Seniors like property tax deferral program
Program helped more than 1,700 seniors in 2013
By: Viola Pruss
| Posted: Wednesday, Jun 11, 2014 06:00 am
Seniors who have participated in the province’s new property tax deferral program are finding that it helps them make ends meet, says a prominent seniors group.
Created in early 2013, the program allows seniors 65 and older to defer paying all or part of their residential property taxes through a home equity loan provided by the Alberta government. The loan has to be repaid once the homeowner moves out.
More than 1,700 seniors have taken advantage of the program in the past year, creating expectations that more seniors will sign up for it in 2014, said Dick Tansey, vice-president of the board of directors for Alberta Seniors United Now.
“I think the referral program is an excellent program,” he said. “It’s a benefit to those who are in their homes and who are struggling to make ends meet because of their fixed incomes.”
He added that many seniors were skeptical of the program at first but word has now gotten around from those already using it.
Last year, the program provided seniors with an average of $300 of disposable income per month, he said – or $4 million in total, based on a new release by the provincial government.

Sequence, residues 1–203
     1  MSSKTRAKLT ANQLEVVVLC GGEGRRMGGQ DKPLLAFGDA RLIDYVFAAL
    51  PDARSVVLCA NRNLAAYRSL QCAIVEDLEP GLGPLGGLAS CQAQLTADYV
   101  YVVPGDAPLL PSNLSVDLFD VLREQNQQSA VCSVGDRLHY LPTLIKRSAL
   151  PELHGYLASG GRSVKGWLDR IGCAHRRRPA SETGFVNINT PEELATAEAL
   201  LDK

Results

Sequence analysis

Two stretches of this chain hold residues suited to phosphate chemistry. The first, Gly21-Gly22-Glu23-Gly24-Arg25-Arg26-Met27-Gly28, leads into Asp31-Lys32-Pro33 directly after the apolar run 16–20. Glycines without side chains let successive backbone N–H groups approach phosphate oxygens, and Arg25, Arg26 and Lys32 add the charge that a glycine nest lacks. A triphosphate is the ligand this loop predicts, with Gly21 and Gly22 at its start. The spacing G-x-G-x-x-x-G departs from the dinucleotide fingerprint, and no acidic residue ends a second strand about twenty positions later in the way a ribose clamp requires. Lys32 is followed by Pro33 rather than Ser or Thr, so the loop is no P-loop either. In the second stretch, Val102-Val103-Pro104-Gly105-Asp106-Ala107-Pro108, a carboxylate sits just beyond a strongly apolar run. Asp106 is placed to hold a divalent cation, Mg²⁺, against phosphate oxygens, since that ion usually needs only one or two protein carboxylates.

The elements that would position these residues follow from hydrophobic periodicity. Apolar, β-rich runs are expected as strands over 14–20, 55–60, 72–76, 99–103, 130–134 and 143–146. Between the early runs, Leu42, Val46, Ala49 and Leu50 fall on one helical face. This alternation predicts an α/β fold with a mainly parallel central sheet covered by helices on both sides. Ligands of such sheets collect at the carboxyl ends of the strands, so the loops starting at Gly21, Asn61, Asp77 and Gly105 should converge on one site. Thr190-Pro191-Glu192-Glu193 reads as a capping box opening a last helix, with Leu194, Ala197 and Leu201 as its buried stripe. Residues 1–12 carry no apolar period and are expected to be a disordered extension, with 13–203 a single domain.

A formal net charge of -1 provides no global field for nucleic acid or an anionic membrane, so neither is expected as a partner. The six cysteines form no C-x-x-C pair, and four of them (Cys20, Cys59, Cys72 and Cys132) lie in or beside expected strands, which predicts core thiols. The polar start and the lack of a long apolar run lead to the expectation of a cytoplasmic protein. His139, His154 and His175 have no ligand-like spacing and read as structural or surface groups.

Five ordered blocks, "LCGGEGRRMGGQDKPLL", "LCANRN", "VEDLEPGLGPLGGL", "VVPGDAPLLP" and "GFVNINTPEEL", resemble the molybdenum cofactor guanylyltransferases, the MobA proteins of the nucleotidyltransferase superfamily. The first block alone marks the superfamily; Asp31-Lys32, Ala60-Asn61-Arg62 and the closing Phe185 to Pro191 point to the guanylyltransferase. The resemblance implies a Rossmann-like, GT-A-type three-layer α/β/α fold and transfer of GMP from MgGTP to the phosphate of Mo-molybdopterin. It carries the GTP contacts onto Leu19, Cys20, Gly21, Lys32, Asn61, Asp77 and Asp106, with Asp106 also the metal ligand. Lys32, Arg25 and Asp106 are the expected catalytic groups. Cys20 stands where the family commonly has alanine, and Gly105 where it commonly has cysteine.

That’s a lot of money for someone who is property rich but cash poor, said Tansey. He added that Seniors United Now is now rallying with the province to decrease the current three per cent interest rate charged on the loans.
“We are of the view that three per cent more than covers the operating cost and it was never our intent when we started to pursue this program that it would be something the government would make money with,” he said.
He said the organization has asked the province to follow the example of another program in British Columbia where the tax rate is one per cent.
That program also requires seniors to pay about $60 in registration fees in the first year and $10 every subsequent year. But that’s still less than what seniors pay in Alberta, he said.
“Three per cent on $3,000 (property tax) is a little more than $60,” he said. “And they will recover all of the money they put out (once the homeowner moves out).”
To apply to the program, homeowners must be 65 years or older and have a minimum 25 per cent equity in their home. The home must also be the senior’s primary residence.
The program is voluntary and will not leave a debt to the family or children. As soon as the house is sold or transferred to another owner, the loan has to be repaid. That money will be taken out of the property value.
Seniors may apply to defer all or part of their residential property taxes for a period of one year or up to 10 years at a time. Program applications are available on the Alberta Health website at health.alberta.ca and from branches of ATB Financial.
Applications are accepted throughout the year but it is recommended that homeowners apply at least 30 days before their municipal tax deadline to avoid penalties for late tax payment.